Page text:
Here we first meet "The Eagle" - Jose Sebastian Varga, who sends two of his men into the pueblo with kegs containing a load of stolen gunpowder. Meanwhile, Commandante Toledano is sent to San Diego ...
Don Juan Ortega is still pretending to be the Commandante of the pueblo, and when he sees Rosarito Cortez, he attempts to kill her before she can identify him as an impostor. Zorro must intervene and...
Set in Spanish California, this often-refilmed story chronicles the adventures of Don Diego de la Vega, a young nobleman who lives a double live as El Zorro ('the Fox'), protector of the ... See full summary »
In this film, edited from eight episodes of Disney's hit TV series, Don Diego returns home to find his town under the heel of a cruel dictator, Capitan Monastario. Diego dons the mask of ... See full summary »
A long-running series of adventures featuring Robin of Loxley - Robin Hood - and his group of Sherwood-Forest-based freedom fighters. Robin and his men protected England from the evil ... See full summary »
The only son of Don Alejandro returns to 1820s California to fight the corrupt local military. He plays the foppish dandy by day and the masked swordsman Zorro who slashes "Z"s everywhere by night. His horses (black and white) are Tornado and Phantom. Written by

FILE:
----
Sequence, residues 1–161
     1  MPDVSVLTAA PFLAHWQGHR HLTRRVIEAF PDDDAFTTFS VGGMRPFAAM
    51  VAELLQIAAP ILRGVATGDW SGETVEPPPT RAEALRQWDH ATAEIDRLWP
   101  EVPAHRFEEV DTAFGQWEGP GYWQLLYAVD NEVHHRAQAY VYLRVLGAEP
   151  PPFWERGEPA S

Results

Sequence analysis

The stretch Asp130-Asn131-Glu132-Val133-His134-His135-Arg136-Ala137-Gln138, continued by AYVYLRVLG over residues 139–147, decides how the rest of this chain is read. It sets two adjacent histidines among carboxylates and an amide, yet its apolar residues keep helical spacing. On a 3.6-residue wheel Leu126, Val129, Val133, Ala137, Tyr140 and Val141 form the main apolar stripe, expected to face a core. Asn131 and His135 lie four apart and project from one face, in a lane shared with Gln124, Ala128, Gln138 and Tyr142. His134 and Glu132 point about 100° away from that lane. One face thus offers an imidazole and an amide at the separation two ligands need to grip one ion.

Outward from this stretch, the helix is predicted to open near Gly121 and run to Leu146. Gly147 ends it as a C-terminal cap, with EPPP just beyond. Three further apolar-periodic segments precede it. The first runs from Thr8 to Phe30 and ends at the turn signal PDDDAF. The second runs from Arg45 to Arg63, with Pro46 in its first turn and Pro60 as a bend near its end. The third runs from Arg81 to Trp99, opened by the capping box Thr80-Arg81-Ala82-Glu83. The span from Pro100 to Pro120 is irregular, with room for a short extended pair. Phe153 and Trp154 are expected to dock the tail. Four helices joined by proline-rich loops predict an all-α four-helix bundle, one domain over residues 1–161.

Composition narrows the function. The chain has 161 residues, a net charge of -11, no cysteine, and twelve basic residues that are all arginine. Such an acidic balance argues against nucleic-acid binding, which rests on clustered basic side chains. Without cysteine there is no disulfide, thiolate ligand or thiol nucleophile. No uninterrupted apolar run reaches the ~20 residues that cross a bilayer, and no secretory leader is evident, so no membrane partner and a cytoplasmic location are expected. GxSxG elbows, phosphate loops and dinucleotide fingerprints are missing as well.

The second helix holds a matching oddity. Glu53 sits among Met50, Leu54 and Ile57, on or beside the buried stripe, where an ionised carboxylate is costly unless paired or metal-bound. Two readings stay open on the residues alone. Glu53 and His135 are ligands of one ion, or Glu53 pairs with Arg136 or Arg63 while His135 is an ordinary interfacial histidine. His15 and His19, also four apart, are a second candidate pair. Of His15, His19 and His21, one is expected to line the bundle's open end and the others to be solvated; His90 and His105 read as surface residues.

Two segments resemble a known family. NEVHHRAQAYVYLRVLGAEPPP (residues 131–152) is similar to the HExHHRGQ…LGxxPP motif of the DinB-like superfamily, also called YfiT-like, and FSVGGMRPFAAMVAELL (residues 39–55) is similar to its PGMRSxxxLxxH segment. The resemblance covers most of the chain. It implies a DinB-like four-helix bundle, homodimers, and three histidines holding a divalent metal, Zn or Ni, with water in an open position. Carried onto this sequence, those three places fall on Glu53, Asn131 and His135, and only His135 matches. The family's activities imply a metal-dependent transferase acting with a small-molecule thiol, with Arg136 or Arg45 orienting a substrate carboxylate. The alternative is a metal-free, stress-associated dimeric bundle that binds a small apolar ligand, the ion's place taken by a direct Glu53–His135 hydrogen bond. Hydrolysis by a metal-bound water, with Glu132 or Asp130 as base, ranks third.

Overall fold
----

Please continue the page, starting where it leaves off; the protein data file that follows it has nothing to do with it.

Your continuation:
Ed Stephan <email@example.com>
The Laurel and Hardy like teaming of Henry Calvin and Gene Sheldon (Sergeant Garcia and Bernardo) was such a hit that when production on this series ceased, Disney held on to the pair (in case this series would resume) by using them in two feature films, Toby Tyler, or Ten Weeks with a Circus (1960) and Babes in Toyland (1961). See more »
Theme Song Singers:
Out of the night/When the full moon is bright/Comes the horseman known as Zorro!/This bold renegade/Carves a "Z" with his blade/The "Z" that stands for "Zorro!"/Zorro!/The fox so cunning and free!/Zorro!/Who makes the sign of the "Z!"/Zorro! Zorro! Zorro! Zorro!
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Guy Williams was the best Zorro in my opinion. Playing Don Diego as both foppish and intellectual allowed his character to be warm and sympathetic both in and out of the mask. And if you have ever watched any 60's TV show you'll notice that old set staple, Bryce Canyon, used for, I think, one of the first times on a television show. But just think, on Zorro it's not supposed to be yet another alien planet, but exactly what it is! A canyon outside of LA! That to me was always the cleverest thing about the show. The fact that it was filmed (sorta) near where it would have taken place if Don Diego had been real. I have to say though, I prefer the episodes in black and white. I think it looks weird when you see a bright blue sky in a "night" scene.
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